Poland: Physical Landscapes

A country’s physical environment can offer opportunities and challenges to its people. Poland’s natural conditions are no exception. Nature provides the canvas upon which people paint their own unique cultural landscapes—­the human imprint on Earth’s surface. People are guided by their particular needs, as well as by the financial and technological resources they command. The outcome is the result of three factors that are universals in the nature-culture equation. First, humans adapt culturally in various ways to the environments in which they live. Second, they use the land and other resources to provide for their material needs. Finally, humans change the environments in which they live through their various activities.


You may have heard the phrase, common to real estate and many other economic activities, “location, location, location.” To a geographer, location—­position on Earth’s surface—­is of great importance.

Historians think in terms of time, or when things happened; geographers, on the other hand, think spatially, or about where things are and why their location is important. Poland lies in north-central Europe in a position roughly midway across the North European Plain, connecting the vast lowland’s western and eastern regions. Not counting portions of Ukraine and southern Russia, this is the largest expanse of flatland in Europe. It extends from the North Sea’s shores in Germany and the Netherlands to the marshland and forests of Lithuania and Belarus. Poland’s northern boundaries are defined by the Baltic Sea’s accessible shoreline that spreads from the Pomeranian Bay in the northwest to the Gulf of Gdansk in the east. The Baltic Sea, a major gulf of the Atlantic Ocean, has never been a difficult physical barrier to the people who live in this area. In fact, it has often served as a waterway to connect central and eastern portions of Europe with the Scandinavian Peninsula. Thus, even today, Poles perceive access to the Baltic Sea as their most direct link to the rest of the world.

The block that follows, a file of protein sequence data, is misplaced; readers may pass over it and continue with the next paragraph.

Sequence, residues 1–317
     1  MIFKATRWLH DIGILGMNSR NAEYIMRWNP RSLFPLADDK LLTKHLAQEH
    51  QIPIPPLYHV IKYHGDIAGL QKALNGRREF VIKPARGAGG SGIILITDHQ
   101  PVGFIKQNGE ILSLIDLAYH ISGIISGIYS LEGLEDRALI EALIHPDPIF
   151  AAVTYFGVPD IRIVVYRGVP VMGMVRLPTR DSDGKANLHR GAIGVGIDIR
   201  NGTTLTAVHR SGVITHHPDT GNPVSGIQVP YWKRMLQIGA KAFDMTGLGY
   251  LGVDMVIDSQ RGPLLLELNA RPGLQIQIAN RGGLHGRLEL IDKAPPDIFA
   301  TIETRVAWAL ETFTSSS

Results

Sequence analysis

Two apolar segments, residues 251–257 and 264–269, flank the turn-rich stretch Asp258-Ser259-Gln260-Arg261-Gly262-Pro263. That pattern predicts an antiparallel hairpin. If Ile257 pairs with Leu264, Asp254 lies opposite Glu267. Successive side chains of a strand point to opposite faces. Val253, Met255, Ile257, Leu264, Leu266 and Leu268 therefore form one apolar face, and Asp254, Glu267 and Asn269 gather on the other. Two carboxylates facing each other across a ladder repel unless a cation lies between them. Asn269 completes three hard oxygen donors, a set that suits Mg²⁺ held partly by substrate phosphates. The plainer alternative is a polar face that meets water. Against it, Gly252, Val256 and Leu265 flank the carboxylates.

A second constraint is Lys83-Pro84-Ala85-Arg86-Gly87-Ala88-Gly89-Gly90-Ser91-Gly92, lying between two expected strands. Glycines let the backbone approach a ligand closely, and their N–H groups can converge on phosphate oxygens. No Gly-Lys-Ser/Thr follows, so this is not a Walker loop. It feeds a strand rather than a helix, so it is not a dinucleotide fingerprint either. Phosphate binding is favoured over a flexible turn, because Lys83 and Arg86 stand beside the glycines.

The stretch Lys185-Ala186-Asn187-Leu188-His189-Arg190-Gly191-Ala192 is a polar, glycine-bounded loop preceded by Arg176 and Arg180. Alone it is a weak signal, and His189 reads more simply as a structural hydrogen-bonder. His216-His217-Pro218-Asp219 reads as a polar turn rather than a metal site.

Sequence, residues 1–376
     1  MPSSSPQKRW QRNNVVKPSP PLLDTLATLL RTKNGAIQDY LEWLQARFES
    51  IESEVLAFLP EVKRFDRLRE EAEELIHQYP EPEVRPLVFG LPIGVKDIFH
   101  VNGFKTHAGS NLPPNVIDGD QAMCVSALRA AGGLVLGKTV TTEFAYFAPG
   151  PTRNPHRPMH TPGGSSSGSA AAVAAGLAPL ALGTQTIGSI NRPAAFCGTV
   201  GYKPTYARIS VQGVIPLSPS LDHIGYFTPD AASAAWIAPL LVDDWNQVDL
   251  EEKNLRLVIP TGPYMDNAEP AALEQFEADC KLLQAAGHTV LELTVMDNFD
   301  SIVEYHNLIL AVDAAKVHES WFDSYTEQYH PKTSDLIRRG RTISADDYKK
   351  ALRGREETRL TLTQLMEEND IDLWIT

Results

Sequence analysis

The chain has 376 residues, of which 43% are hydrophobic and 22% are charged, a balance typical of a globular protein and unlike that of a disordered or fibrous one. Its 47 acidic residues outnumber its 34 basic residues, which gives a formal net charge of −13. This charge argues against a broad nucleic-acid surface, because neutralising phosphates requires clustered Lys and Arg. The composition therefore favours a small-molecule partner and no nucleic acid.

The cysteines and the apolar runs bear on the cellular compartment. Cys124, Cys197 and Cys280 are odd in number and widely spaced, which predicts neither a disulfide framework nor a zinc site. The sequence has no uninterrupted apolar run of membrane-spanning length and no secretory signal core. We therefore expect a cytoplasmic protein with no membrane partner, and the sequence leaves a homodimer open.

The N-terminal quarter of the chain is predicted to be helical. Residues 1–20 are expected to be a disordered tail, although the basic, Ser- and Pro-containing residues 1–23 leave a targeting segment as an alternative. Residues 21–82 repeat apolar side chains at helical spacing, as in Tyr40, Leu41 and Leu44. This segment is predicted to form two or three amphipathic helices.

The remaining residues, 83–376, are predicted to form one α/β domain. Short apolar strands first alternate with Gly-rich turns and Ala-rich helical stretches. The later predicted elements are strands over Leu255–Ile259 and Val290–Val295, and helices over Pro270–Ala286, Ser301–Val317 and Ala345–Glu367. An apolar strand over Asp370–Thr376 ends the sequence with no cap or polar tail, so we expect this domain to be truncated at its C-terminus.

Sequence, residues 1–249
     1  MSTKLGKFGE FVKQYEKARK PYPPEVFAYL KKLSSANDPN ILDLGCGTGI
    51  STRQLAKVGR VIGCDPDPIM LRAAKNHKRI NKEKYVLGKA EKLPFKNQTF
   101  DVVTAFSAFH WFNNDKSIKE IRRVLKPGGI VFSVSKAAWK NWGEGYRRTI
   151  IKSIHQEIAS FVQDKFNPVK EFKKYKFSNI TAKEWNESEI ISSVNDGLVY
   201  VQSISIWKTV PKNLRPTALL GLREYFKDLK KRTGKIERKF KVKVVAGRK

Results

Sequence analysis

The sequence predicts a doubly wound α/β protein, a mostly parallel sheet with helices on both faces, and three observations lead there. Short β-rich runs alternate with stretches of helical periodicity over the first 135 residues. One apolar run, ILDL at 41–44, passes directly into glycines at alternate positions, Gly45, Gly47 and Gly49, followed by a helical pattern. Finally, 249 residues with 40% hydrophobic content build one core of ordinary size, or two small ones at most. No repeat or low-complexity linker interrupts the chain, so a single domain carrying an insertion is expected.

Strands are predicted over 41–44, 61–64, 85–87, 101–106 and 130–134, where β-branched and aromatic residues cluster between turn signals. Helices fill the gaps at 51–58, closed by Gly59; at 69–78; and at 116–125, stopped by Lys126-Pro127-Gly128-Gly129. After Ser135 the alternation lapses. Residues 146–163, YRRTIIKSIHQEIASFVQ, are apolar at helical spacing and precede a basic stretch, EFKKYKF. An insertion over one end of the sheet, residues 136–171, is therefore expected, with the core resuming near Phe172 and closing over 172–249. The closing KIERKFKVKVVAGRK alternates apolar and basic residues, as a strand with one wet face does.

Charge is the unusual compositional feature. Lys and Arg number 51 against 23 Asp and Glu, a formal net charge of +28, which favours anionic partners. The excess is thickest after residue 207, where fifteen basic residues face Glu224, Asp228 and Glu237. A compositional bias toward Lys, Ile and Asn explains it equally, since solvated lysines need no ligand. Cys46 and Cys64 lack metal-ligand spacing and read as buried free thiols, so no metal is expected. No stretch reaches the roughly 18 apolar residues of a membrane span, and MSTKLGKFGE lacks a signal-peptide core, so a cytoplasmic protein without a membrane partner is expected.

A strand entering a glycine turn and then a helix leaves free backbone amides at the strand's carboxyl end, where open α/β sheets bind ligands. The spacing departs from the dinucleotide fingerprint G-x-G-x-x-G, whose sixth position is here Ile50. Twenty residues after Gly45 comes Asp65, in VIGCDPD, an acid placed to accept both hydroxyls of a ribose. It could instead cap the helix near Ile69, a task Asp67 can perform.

The northern slopes of the Carpathian Mountains form Poland’s southern boundary with Slovakia. These mountains, which were uplifted during the same geological period as the Alps and the Pyrenees, helped define Europe’s natural and cultural barriers. They spread in an east-west direction and separate Poland from the Hungarian plains in the south. Eventually, they extend to Romania and the lower Danube area. The major branch of the Carpathians that penetrates Polish territory is known as the Beskids. Their average elevation is lower than that of the Alps, with heights reaching barely over 8,000 feet (2,600 meters) above sea level. Tatra’s Rysy is the country’s highest peak, reaching an elevation of 8,199 feet (2,499 meters).